“I am so happy to be welcomed in this celebratory feeling. It’s excellent, excellent, excellent!” .
‘Bright Like A Diamond’ is an exhibition above any other consideration; and there is a cheerful volition to make it appear in front of your eyes as so. Many things look bigger than they are, but we will not spend any time comparing scales and directly join the festivities of a fresh and new set-up. This first-degree presentation should from here on be understood as a foundational characteristic of über-felicity, one that I could describe as a naked settlement of arguments or a sincere storytelling.
In 2013, Sarah & Charles realised the video work ‘Props For Drama: Plot Hole’, a three-channel video installation where an actor follows the instructions of the narrator of the story: what you hear is what you get. Once immersed in this text, the reader can understand this piece as a direct presentation of the theatre behind the candelabra, more than a dismantling of the theatrical illusion. You might find it explanatory to read the presentation of one of the collaborating writers in the last issue of Vogue Hommes International, “Arthur Dreyfus is handsome, young (27), intelligent, and entranced by the question of the relationship of his own intimate history to the body, seen as an aggregate of sensations and representations, shot through with narratives, images, pleasures, and suffering.”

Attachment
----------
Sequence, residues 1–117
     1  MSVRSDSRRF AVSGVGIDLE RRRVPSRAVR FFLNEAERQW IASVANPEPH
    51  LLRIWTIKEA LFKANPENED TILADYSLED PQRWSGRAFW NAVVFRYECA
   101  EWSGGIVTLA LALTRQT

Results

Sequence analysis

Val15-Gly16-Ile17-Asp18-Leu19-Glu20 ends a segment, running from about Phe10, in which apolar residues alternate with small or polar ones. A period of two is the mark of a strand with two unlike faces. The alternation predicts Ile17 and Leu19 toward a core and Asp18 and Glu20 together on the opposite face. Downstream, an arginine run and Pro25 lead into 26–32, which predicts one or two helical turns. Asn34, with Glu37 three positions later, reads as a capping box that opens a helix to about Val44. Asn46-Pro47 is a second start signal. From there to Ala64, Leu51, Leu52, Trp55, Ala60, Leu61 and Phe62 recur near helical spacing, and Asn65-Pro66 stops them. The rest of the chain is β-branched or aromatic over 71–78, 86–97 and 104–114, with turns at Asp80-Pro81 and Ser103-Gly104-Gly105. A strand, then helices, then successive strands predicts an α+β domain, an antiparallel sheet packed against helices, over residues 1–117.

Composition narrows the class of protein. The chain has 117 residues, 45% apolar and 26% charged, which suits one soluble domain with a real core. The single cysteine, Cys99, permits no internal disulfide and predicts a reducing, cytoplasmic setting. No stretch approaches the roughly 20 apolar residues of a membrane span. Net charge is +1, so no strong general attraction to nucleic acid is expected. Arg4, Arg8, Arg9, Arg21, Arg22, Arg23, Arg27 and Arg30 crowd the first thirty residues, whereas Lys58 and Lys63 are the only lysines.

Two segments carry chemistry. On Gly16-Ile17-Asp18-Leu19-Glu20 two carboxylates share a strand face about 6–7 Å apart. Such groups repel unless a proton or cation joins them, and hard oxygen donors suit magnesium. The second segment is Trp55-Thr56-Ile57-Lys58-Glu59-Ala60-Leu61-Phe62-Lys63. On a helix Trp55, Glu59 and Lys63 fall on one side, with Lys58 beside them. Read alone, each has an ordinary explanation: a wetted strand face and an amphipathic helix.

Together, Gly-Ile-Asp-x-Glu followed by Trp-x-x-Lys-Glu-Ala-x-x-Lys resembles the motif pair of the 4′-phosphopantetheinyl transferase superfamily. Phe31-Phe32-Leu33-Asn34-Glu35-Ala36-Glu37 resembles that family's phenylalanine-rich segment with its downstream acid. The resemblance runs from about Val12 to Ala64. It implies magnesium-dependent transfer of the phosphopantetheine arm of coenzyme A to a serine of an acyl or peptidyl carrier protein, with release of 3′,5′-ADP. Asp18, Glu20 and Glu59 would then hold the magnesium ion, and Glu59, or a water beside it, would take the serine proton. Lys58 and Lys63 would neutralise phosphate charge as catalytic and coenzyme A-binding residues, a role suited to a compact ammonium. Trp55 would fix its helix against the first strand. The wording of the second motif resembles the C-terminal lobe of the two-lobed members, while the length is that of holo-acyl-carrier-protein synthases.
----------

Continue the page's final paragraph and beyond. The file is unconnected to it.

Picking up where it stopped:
In ‘Bright Like A Diamond’, Carles Congost’s video ‘The Artist Behind The Aura’ does end with one very clear concession to fiction, when the actor impersonating the artist asserts, “Whatever it was, it was working. It did actually function pretty well and quite fast and I started to feel happy and released. I felt liberated, I felt free from some old responsibilities that suddenly were not mine anymore. I might have then seen a slight light far away. A pale but vibrant white light. The certainty of knowing that things could begin to change for all of us.”
There is a pretty big amount of joy in the visitation of popular aesthetics, it is the awakening after having been devoted to what Sarah & Charles clearly explain as ‘suspension of disbelief’. Far from any second degree, über-felicity presents a clash between the expected and the desired, the pop taste and that of a mind placed slightly off the path. What you are about to see is almost what you are expecting to view. As a matter of fact, in 2014, Carles Congost launched an EP featuring the italo-disco pop singer Ryan Paris entitled ‘Pepsi Love’. By the time this exhibition is shown, Sarah & Charles will have shot their next video work, a counter piece to ‘Props For Drama: Suspension of Disbelief’, this time framed in a very naturalistic ambience, but still busy with the real-fake idiosyncrasy of the audiovisual format.
 Lily McMenamy, “Google Poetics” in 89plus Marathon, exhibition co-curated by Simon Castets and Hans Ulrich Obrist (London: Serpentine Galleries, 2013), see: http://www.serpentinegalleries.org/exhibitions-events/serpentine-galleries-89plus-marathon/ (accessed 22 July 2014).
 “Guest List”, Vogue Hommes International Paris, hors-série 19 (Spring - Summer 2014): p. 70